FTSE 100 Index
Boris Dzhingarov

Member Article

GBP Stares Down the Barrel While FTSE Soars

The FTSE 100 index is riding a wave of bullish sentiment. The recent performance of the all share index has outperformed expectations, posting its best winning streak in 33 years. The GBP has hit a multi-month low, after Prime Minister Theresa May announced that Britain would be seeking a Brexit as soon as possible. The ongoing weakness of the GBP is helping to drive up the FTSE 100 index.

The inverse relationship between the FTSE 100 and the GBP is a direct result of foreign companies comprising the bulk of the earning potential in the FTSE 100 index. When euros, yen and dollars are converted into sterling the sterling value appreciates. This paints a skewed picture of the performance of the FTSE 100 index.

During the day on Monday, 9 January 2017, the FTSE 100 index touched 7,243.76 before retreating. Tremendous levels of currency trading activity were noted in the City of London, with call options on the USD and put options on the GBP/USD pair. The DXY (US Dollar Index) is hovering around 14-year highs and this driving down the cable. The dollar’s run on the sterling was assisted by speculators who fear a hard Brexit. The FTSE 100 index closed at a record level for the eighth day on the trot, besting records last seen in 1997.

The recent performance of the FTSE 100 index is unlike anything we have seen in recent history. The latest Bull Run began towards the end of December at the height of the Christmas shopping season with trading reaching a crescendo. The rally has continued into 2017, fueled in strong part by weakness in the GBP.

The performance of the FTSE 100 index is in stark contrast to the performance of indices across Europe. The inverse relationship between Britain’s premier index and its currency is well-known. The FTSE 100 has been posting strong gains ever since the June 23 Brexit referendum, and momentum has never let up.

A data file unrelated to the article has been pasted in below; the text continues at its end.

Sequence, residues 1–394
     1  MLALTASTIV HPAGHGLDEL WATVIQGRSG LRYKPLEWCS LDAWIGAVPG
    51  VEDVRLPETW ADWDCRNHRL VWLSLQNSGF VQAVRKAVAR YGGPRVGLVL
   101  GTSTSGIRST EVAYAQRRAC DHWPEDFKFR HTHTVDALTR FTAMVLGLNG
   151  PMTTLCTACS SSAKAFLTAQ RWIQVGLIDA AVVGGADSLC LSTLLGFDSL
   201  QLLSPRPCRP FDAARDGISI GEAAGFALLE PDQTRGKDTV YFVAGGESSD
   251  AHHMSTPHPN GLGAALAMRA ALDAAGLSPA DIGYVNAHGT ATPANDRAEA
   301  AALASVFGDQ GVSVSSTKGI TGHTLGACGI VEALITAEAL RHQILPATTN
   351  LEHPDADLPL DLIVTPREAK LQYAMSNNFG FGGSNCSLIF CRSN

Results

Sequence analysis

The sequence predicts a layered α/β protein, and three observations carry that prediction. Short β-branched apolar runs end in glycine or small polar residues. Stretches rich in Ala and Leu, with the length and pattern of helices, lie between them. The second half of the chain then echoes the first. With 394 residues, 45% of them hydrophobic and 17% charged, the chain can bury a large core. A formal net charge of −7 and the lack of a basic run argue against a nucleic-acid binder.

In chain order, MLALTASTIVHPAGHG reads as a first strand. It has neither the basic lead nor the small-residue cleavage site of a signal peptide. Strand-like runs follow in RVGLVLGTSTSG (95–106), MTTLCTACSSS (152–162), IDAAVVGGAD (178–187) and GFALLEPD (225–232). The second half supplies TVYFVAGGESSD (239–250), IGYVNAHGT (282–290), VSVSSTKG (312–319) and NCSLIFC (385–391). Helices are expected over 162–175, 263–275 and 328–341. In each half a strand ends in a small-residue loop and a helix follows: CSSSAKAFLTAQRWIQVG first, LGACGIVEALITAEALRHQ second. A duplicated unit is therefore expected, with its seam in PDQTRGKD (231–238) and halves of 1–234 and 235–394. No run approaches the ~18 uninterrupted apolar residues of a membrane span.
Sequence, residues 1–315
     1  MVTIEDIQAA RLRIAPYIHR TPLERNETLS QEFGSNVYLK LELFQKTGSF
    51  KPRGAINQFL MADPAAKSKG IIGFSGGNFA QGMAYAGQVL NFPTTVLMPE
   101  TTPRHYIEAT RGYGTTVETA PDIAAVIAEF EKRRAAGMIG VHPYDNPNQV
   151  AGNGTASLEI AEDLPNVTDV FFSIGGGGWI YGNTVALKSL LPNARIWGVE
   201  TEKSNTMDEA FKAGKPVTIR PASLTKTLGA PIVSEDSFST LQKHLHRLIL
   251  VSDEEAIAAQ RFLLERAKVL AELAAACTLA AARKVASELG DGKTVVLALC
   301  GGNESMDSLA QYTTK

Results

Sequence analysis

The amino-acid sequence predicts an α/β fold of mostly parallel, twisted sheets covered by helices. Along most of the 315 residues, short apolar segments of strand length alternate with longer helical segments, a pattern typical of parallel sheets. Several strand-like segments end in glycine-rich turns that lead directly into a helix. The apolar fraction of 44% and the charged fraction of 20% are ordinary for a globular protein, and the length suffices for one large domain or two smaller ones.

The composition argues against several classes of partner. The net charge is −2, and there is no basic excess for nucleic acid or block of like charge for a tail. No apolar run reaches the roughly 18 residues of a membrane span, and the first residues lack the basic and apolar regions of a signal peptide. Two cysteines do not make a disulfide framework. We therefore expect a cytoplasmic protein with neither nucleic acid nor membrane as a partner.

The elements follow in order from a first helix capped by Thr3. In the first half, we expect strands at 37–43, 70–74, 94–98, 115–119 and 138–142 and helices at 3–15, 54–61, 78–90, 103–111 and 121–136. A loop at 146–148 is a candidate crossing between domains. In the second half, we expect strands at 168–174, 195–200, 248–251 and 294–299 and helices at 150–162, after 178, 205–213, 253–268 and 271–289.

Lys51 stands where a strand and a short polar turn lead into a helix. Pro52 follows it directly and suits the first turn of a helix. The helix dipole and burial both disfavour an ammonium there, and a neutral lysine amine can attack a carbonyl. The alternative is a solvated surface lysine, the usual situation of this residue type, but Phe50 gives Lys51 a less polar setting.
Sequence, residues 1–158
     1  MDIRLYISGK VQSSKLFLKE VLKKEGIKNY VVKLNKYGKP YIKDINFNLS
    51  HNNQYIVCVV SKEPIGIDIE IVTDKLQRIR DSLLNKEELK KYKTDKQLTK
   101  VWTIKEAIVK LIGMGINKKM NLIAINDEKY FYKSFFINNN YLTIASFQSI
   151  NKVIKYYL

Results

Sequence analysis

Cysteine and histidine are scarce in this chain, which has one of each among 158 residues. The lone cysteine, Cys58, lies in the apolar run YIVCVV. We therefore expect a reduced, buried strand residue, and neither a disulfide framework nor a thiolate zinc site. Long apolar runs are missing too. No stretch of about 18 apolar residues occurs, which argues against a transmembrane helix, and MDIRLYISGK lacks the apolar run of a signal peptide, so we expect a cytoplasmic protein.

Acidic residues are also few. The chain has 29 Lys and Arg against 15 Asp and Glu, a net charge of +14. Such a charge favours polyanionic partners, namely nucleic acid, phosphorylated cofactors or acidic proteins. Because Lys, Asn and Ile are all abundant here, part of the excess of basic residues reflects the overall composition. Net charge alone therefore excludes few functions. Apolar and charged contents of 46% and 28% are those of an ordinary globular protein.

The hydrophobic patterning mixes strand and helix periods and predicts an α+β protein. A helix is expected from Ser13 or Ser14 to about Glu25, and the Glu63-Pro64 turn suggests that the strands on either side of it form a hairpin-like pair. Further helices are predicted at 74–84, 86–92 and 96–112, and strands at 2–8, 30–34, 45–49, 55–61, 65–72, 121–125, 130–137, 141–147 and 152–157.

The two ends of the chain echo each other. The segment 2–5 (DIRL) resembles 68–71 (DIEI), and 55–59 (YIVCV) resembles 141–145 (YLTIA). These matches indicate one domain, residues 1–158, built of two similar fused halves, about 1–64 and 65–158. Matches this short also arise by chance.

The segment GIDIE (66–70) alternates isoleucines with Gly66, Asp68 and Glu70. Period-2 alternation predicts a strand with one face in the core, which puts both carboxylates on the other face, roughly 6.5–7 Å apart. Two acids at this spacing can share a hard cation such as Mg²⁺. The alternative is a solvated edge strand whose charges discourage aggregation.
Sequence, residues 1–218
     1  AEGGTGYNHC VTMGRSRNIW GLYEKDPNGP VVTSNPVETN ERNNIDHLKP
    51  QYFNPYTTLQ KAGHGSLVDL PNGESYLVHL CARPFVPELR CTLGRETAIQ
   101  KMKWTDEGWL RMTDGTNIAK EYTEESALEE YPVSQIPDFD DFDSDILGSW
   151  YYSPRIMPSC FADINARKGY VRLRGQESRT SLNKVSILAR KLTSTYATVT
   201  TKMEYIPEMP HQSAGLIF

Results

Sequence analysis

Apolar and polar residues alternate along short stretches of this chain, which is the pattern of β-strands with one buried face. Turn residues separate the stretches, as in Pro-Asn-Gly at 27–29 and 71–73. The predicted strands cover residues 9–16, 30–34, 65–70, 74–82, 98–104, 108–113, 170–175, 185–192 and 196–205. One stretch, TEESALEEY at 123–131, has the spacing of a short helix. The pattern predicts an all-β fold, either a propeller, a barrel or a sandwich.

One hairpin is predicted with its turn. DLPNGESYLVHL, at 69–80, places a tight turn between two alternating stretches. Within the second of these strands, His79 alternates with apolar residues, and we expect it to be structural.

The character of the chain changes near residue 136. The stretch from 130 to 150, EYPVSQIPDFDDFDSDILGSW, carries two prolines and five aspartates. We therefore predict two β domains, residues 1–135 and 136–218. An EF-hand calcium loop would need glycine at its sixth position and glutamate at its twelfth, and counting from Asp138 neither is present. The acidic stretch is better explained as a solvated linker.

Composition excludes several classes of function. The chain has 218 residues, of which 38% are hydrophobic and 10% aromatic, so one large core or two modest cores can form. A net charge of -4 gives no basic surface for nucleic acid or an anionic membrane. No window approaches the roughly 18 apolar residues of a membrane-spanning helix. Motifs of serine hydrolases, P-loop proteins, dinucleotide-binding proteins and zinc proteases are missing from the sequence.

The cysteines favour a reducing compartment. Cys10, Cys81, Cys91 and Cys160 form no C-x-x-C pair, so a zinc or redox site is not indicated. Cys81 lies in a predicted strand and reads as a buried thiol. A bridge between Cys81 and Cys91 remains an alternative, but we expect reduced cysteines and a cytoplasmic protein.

Is a Hard Brexit In-Store for the United Kingdom?

The 28-point gain on Monday, 9 January allowed the index to reach a new record. Of course, the 1% slide against the greenback and the 2% slide against the euro are fueling the latest rally on the London Stock Exchange (LSE). The foreign earnings generated by companies listed on the FTSE 100 index are worth more when converted into GBP as the sterling depreciates.

However, it was Britain’s Prime Minister who kick started the fresh new rally by promising to take control of immigration and of the country’s rule of law. Prime Minister May ruled out the prospect of bits and pieces membership of the European Union, and presented the prospect of a hard Brexit.

For her part, the Prime Minister rejects the notion of a soft Brexit or a hard Brexit. She also held firm on her position to lead the UK out of the EU. To do so, Article 50 of the Lisbon Treaty must be invoked. Once that is done, Britain will have 2 years to get things in order before its membership of the EU is effectively terminated.

Brexit uncertainty remains the most pressing concern for the UK economy. However, it is not all doom and gloom for Britain. Consumer stocks and basic resources are performing well. The top gainers in the all share index included BHP Billiton, Randgold Resources and the biggest gainer, Glencore up +3.6%. Mining stocks have been propelling the FTSE 100 index in recent days, with strong support from the energy sector too.

This was posted in Bdaily's Members' News section by Boris Dzhingarov .

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